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Spirulina Society

Team Members

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Anya Muangkote

Country

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United Kingdom

Short Description

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Spirulina Society provides open-source tools and knowledge for domestic Spirulina cultivation.

Detailed Description

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We live in times of climate crisis where our ecosystems are endangered. With food production causing extensive greenhouse gases, deforestation and water shortage. As a collective, what if we rethink the way we produce and consume our food?

Spirulina, a blue-green alga, is the most ideal food for humankind. It is a plant-based source of complete protein. Spirulina can easily be grown indoors and only requires a small amount of water and space. By performing photosynthesis, it can be harvested daily.

Spirulina Society aims to normalise the sustainable and efficient cultivation system for an urban lifestyle—where people produce their own food, maintain their wellbeing, cut down the waste and reduce the ecological footprint.

It provides 3D models of the cultivation tools for people to download and connect with their local makerspaces/manufacturers. The 3D printed collection consists of lids and harvesting funnel that can be fitted with locally and readily available containers.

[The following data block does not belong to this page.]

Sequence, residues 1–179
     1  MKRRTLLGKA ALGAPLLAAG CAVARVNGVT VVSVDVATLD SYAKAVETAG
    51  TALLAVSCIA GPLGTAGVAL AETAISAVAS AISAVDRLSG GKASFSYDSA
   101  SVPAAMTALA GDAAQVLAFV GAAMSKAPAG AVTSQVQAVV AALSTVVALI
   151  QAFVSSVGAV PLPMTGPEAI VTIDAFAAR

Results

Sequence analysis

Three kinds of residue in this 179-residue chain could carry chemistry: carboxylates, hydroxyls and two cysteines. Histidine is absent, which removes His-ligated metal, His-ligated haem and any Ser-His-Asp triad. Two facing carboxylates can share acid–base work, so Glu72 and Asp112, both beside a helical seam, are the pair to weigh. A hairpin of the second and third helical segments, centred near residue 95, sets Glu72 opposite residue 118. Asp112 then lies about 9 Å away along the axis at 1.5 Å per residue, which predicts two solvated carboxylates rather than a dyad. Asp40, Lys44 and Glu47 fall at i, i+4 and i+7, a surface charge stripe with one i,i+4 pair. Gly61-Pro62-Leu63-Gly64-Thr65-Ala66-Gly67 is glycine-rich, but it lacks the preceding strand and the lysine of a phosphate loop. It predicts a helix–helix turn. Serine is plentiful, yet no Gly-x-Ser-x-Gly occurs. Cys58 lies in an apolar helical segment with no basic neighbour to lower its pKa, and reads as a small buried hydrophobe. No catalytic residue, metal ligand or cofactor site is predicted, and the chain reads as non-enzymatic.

Keywords

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Sustainability, Wellbeing, Empowerment, Open Source, Community, Local, Post-carbon, Knowledge Sharing, Digital Distribution, Agency, Self-sufficiency, Spirulina Cultivation, Urban Farming, Nourishment, Superfood, Regenerative, Accessible, Cost-effective

Project Details

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Does your design take social and cultural challenges and human wellbeing into consideration?

This project looks at food production and climate crisis, in terms of how the food system as a whole contributed to 26-37% of total greenhouse gas emissions and it is projected to be increased by 30-40% in 30 years time.

As mentioned earlier, growing Spirulina only requires a small amount of water and space. Water consumption and land use in Spirulina production are 100-220 times less than meat production. If grown in domestic space, there is no arable land required and the carbon footprint is very low because this cuts out logistics fundamentally.

Apart from saving resources, reducing carbon emissions and waste, growing Spirulina at home yields more benefits. Thanks to its cost-effectiveness, meaning it is affordable and accessible to almost everyone. You can control what goes into the cultivation system and avoid toxic chemicals or heavy metals contamination that can typically be found in commercial farms. Since Spirulina is nutrient-dense, consuming Spirulina daily could help prevent cancer, lower blood pressure, reduce cholesterol, and many more; according to experts.

In addition, eating nutritious food, in this pandemic era, is vital given what is currently happening with the lack of food in supermarkets. Domestic Spirulina cultivation could enhance better physical and mental health because it can tackle malnutrition, increase productivity and boost the immune system which means more virus-resistant bodies are present.

On the whole, Spirulina cultivation is truly ideal for the environment, empowerment, and wellbeing.